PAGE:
Cheese Appetizers

Monday I posted a menu that included a recipe for Cheese Appetizers. It looked interesting, and unlike any of the other recipes I’ve seen from the war years, so I thought I’d test it. It was in the December 1942 Better Homes and Gardens.

My initial plan for this post was to find other snack mix recipes and include them, but I couldn’t find any. I know that modern party mix recipes were not published until the early 1950s, but I had assumed I could find something similar. Do you know of a snack mix that was commonly eaten in the first half of the 1940s? Let me know if you do, and I’ll add it here.

Cheese Appetizers

  • 2 tbsp butter
  • 1/2 tsp Worcestershire sauce
  • 1 tsp salt
  • dash of cayenne
  • 3 c bite-sized whole wheat cereal
  • 3/4 c grated American or Parmesan cheese

Melt butter. Add Worcestershire sauce, salt, cayenne, and cereal. Sprinkle mixture with cheese and toss gently until cereal is coated.

Results

I used Wheat Chex and grated Parmesan cheese. With the ingredients measured as listed above, the mixture tastes like salty Parmesan cheese. If you like Parmesan cheese, this isn’t a bad thing, but it definitely needs something else to work as an appetizer today.

First, I would cut the amount of salt in half. I’d add more cayenne because a dash doesn’t offer much flavor in this recipe. I added more Worcestershire sauce and it helped a bit, but this mixture could use some outside help. I’d add things like pretzels and breadsticks for variety.

I think these cheese appetizers would be great as croutons in a salad. You could crush them and use them for breading in a chicken dish. If you like crackers in your tomato or potato soup, tossing a few of these in your bowl would add nice flavor and texture. I think I am going to use the remaining mix I have to make a movie night party mix.

Let me know if your family has a snack mix recipe that’s been passed down. Is it similar to this one, or more like the mix we think of today when eating a snack mix? Can you think of other uses for this recipe? How would you serve it?

First Monday Menu: BBQ Chicken and Victory Garden Vegetables

The home front housewife’s Victory Garden would be keeping the kitchen stocked with fresh vegetables this time of year. Those fresh veggies were healthy and helped a family save rationing points and money by allowing them to fill up on meals that included homegrown food.

This is a light, easy to fix late summer meal that works as well today as it did in the 1940s. The chicken recipe comes from the 1944 edition of The Good Housekeeping Cook Book.

Barbecued Fried Chicken

  • 2 1/2 lb fryer, cut up
  • 4 tbsp salad oil or fat
  • 2 tbsp Worcestershire sauce
  • 1 tbsp vinegar
  • 1 tbsp bottled thick meat sauce
  • 1 tbsp granulated sugar
  • 1/4 c catsup
  • dash tabasco sauce

Wash the fryer and dry it slightly. You can reserve the backbone, neck, and wing tips for making chicken broth later. Heat the salad oil in a skillet, then add the chicken. Brown on all sides over high heat. Remove the chicken and place in a shallow baking pan. Mix the remaining ingredients and pour over the chicken. Bake uncovered in a moderate oven of 350°F for one hour or until the chicken is tender, basting every 10 minutes with the sauce in the pan. Place in a broiler oven which has been preheated (unless the manufacturer’s instructions say otherwise) and allow to brown slightly. Make sure it doesn’t burn. Remove from broiler. Put the chicken on a platter and pour the remaining sauce over it to serve. Serves 4.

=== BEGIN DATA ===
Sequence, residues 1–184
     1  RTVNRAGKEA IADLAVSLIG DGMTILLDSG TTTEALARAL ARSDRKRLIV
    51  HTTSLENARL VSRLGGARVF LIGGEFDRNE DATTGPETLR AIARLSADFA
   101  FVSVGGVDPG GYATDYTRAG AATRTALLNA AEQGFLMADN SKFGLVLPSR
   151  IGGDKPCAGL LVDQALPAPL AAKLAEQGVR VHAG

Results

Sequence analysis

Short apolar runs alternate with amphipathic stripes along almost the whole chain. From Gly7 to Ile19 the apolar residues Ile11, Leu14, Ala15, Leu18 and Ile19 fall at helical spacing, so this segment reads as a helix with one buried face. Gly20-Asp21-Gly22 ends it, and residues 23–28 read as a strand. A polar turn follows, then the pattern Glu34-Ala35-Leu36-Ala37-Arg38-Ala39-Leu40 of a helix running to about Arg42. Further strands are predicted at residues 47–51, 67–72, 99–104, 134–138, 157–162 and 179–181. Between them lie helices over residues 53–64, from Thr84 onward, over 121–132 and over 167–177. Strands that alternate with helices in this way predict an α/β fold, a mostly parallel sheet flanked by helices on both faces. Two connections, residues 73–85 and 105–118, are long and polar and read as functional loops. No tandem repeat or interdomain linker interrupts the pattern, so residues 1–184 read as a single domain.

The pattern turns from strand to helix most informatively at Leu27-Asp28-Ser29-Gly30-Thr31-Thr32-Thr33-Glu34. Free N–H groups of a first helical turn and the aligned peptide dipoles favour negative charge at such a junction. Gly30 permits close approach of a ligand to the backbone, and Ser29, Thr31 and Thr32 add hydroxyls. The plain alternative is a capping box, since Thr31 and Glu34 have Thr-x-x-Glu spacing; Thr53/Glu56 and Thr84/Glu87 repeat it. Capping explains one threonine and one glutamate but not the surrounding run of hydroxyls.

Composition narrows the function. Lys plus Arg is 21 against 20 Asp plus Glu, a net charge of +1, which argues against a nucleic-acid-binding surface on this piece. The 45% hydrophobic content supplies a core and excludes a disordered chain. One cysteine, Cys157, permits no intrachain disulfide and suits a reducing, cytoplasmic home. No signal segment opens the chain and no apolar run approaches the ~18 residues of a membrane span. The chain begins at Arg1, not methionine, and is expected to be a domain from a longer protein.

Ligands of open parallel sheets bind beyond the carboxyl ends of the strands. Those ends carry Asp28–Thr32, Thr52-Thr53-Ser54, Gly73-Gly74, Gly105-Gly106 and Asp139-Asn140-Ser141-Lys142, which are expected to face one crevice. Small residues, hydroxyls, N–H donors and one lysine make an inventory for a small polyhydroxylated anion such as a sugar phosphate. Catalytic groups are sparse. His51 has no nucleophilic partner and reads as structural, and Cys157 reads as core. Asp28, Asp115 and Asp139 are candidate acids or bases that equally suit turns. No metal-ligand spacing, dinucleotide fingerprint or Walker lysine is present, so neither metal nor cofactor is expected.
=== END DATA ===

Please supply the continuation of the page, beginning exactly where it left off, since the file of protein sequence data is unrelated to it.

Note: In true home front housewife style, I used what we had on hand to make this recipe. I used chicken breasts instead of a whole fryer, and it worked well. 

Victory Garden Vegetables

I used squash, zucchini, and onions, but any vegetable you have on hand will work. Just slice, toss in a skillet, and cook with a little salt and pepper. This is also a great way to use up any leftover vegetables you have on hand. I’ve also added garlic pepper and/or cheese to the squash, zucchini, and onions. The melted cheese adds just the right amount of gooey indulgence to the dish. 

Results

The chicken breasts were very moist and flavorful. I like steak sauce, but I very rarely use it on steaks. This was a nice way to incorporate that flavor into a meal. Seven people ages 2 to adult tested this menu and everyone loved it. Next time I might add another side dish or a dessert, but the chicken and vegetables on their own were very satisfying. 

First Monday Menu: Cheese Combination Sandwich

We’ve been relying on quick meals to help us save time this summer. July’s First Monday Menu is one of those quick meals, and it is another one that is flexible enough that you’ll be able to make do with what you have in your pantry and refrigerator.

The home front housewife would have found this sandwich spread convenient for lunch boxes or an easy meal at lunchtime while her family is away at school or work. It’s from the 1940 edition of The American Woman’s Cook Book, but the recipe’s lack of meat would have made it handy all throughout the war years.

Cheese Combination Sandwich

  • 1 c cream cheese or cottage cheese
  • 1/4 c mayonnaise OR
  • 1/4 c chopped olives OR
  • 1/4 c chopped nuts OR